Paolo Di Canio says new Sunderland players need time to bed in

NEW CAT: Sunderland's Emanuele Giaccherini in action in the Asia Trophy
NEW CAT: Sunderland's Emanuele Giaccherini in action in the Asia Trophy

PAOLO DI CANIO realises that some of his new signings will take longer than others to settle at Sunderland.

Four of Sunderland’s summer arrivals – Jozy Altidore, Emanuele Giaccherini, Vito Mannone and Cabral – started both of the Black Cats’ encounters in the Barclays Asia Trophy, with David Moberg Karlsson also impressing from the substitute’s bench.

But of their fellow new boys, Modibo Diakite didn’t travel to Hong Kong due to injury, El-Hadji Ba gave away a penalty in Saturday’s 1-0 defeat to Manchester City and Valentin Roberge played just three minutes of the two games in the Far East.

Di Canio is not concerned though and says it is not easy to adapt to both his regime and playing in a different country.

“Some of the players come from abroad, Giaccherini for example,” said Di Canio.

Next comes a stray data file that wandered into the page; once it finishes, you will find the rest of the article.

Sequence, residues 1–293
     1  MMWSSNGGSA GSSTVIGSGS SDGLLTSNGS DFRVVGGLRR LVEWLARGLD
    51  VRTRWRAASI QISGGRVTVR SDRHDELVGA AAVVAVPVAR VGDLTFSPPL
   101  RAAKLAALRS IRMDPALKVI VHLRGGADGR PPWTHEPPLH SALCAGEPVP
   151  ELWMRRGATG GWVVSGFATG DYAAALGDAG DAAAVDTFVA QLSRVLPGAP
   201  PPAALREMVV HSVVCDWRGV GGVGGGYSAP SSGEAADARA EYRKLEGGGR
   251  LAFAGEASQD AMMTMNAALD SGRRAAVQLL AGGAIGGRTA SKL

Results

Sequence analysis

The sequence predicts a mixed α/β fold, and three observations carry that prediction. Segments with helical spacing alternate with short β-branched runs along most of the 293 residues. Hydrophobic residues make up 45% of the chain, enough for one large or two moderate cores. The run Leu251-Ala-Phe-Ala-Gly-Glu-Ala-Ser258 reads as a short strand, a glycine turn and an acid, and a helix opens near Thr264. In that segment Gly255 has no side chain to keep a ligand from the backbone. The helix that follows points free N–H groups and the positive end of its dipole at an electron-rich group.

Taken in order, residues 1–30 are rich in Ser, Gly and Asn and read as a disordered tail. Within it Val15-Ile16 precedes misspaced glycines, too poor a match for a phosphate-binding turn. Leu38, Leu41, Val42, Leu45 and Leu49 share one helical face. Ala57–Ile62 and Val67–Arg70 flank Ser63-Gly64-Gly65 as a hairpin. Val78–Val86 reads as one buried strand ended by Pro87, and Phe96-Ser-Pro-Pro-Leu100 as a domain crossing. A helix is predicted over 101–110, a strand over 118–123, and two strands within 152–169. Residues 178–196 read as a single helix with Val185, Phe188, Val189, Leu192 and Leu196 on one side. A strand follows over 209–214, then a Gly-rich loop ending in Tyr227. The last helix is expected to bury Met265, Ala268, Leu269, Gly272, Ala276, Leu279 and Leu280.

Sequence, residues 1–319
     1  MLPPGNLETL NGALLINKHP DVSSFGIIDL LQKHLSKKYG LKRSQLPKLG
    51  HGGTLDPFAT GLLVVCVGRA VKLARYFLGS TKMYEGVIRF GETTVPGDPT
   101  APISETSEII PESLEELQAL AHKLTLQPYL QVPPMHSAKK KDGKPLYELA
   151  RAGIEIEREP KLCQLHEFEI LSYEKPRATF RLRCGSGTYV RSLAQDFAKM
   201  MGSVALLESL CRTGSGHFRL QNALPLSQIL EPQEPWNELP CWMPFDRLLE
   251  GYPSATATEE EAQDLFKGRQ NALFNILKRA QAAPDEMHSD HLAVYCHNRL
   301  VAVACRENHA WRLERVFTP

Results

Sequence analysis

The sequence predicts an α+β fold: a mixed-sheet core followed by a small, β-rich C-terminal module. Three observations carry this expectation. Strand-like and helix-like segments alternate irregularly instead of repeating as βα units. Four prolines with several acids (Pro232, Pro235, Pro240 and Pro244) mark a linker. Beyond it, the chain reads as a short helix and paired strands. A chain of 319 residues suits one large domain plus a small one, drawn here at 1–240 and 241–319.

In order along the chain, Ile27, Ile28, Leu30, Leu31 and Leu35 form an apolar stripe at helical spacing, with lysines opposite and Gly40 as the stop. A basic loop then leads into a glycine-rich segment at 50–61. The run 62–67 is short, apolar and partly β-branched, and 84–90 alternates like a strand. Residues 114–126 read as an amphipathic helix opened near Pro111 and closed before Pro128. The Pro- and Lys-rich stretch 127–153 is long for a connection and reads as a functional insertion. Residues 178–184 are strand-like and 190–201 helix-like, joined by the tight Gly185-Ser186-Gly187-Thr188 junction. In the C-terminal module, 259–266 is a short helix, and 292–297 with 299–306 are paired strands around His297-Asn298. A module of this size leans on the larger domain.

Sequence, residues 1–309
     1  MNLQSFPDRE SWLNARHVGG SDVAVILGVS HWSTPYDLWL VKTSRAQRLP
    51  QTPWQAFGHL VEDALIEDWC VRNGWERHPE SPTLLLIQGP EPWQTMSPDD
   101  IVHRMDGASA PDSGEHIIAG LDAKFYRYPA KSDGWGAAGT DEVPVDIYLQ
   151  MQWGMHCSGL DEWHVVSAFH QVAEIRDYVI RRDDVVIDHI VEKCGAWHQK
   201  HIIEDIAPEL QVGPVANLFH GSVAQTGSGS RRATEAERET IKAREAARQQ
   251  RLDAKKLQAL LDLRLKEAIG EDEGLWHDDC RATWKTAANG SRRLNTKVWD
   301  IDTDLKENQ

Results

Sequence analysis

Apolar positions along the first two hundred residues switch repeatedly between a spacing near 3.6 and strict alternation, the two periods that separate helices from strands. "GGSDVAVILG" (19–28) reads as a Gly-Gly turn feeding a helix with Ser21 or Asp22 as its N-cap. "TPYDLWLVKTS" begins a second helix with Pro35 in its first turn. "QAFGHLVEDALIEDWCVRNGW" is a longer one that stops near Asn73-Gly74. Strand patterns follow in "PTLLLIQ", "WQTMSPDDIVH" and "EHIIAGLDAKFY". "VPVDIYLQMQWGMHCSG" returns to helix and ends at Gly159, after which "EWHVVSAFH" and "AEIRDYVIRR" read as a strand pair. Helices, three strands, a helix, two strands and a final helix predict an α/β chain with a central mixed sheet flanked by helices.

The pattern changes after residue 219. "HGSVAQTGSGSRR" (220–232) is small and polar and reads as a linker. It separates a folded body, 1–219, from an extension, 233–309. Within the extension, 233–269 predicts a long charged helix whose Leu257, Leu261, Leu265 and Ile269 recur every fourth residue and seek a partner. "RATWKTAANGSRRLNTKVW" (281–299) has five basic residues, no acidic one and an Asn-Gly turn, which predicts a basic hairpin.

“I’m very happy with him.

“He understands my philosophy straightaway.

“Some others may take a bit more time, but it’s not an issue.

“Saturday was only the second real test for us after 23 days together.

“Some of them have suffered during our pre-season, because as they told me, it’s never happened to them.

“They’ve ran a lot and done double sessions every day.”

Di Canio also acknowledges there will be set-backs during his attempts to revolutionise Sunderland’s prospects with a new-look squad.

But the Italian insists he is encouraged by the pre-season signs from his side and is confident of what lies ahead for the Black Cats.

When asked whether he was optimistic for the new campaign, Di Canio replied: “Absolutely yes.

“We’re in the process of trying to understand each other and some players still don’t completely understand what I want from him, in terms of attitude.

“Everybody has got his own way to approach the game.

“But we still have a long time.

“Sometimes, even with top players, you know they’re never going to change their mentality into a different culture.

“I know that in this process you can have ups and downs, so it’s important that we realise and understand that.”